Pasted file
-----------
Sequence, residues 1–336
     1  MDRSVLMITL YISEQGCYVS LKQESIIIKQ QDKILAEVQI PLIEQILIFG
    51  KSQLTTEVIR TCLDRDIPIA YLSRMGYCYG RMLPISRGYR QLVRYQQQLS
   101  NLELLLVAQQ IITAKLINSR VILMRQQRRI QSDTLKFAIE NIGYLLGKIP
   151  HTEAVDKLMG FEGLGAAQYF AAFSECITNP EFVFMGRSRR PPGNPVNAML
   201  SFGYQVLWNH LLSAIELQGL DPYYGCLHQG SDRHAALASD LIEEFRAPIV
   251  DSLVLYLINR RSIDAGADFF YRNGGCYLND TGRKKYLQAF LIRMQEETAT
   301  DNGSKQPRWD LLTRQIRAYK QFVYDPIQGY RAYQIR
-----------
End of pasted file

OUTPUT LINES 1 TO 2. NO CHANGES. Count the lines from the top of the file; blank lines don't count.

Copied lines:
Sequence, residues 1–336
     1  MDRSVLMITL YISEQGCYVS LKQESIIIKQ QDKILAEVQI PLIEQILIFG